All the News That’s Fit to Eat: Demonizing Almonds, a Hummus Recall, and a Sardine Collapse

almond trees

Busy week? Same here. Get caught up on some of the top food news you might have missed:

Seriously, Stop Demonizing Almonds (Gizmodo)

The California drought continued to dominate the agriculture news this week, especially after the Los Angeles Times published a interactive infographic that asked: How much water was used to produce your food? Almonds use more water than many other crops, but as Alissa Walker points out, put in context, almonds are a much smarter use for water than, say, alfalfa for beef production or shipping it overseas to China. Bottom line: Do some more research before you stop buying nuts.

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Can Local Honey Bee Resolutions Help Bring Pollinators Back?


As pollination season in California’s orchards draws to a close, and thousands of beehives are being trucked back to the Midwest, honeybee health is at the forefront of many people’s minds. This spring, 1.6 million honeybees have been medicated, fed syrups, and put to work in the orchards across the state’s Central Valley (including 760,000 acres of almonds), a lucrative business for farmers and hedge funds alike. Read More

Are CSA Subscriptions Earning Farmers a Living Wage?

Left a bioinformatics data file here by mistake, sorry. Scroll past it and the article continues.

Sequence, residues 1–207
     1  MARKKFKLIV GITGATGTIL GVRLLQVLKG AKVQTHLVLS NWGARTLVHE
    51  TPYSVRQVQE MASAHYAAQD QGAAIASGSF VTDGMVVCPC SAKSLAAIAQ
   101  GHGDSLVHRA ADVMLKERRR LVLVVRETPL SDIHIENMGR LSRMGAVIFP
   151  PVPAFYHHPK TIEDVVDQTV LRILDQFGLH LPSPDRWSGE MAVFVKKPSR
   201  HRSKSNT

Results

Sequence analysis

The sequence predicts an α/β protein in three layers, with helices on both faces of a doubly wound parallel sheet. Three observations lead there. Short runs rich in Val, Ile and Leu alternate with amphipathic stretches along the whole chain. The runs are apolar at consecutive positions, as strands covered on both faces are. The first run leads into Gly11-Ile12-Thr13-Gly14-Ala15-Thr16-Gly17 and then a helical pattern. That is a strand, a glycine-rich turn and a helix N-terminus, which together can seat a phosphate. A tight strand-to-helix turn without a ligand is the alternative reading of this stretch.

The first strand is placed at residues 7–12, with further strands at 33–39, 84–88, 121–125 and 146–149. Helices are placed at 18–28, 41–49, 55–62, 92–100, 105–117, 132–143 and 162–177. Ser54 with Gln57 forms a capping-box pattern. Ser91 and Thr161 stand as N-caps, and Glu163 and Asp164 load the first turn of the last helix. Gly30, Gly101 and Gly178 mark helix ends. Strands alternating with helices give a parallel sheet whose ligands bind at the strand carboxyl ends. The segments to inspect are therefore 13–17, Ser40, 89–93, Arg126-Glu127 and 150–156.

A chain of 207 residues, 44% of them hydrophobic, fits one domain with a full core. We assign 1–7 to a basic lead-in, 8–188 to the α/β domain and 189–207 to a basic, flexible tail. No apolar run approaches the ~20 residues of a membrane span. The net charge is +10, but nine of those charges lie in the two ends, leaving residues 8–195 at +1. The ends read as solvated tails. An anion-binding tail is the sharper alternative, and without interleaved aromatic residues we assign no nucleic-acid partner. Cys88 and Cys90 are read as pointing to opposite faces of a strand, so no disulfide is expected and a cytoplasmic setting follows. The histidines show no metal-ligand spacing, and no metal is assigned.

Can a Community-Supported Agriculture (CSA) subscription service help more small farms survive in today’s consolidated food landscape? In 2014, economic researcher Mark Paul conducted in-person interviews with 16 Massachusetts farmers for Ecotrust and E3 Network’s Future Economy Initiative. The area where Paul did the research, called the Pioneer Valley, was home to one of the first two CSA businesses in the United States, founded in 1986. Now, it’s the epicenter for a new wave of CSA activity and can shed valuable light on the industry as a whole. Read More

Did Dan Barber’s Food Waste Pop-Up Make a Difference?

"Wasted" at Blue Hill with April Bloomfield and Dan Barber - New York, NY

For a few weeks this March, New Yorkers lined up outside a trendy Greenwich Village restaurant for a chance to pay $15 a plate for food that most would consider garbage. The event in question was wastED, the innovative and ambitious dining project from chef and author Dan Barber, who transformed his restaurant, Blue Hill, into a pop-up aimed at showing the dining world how much could be done with scraps, leftovers, and industrial byproducts.

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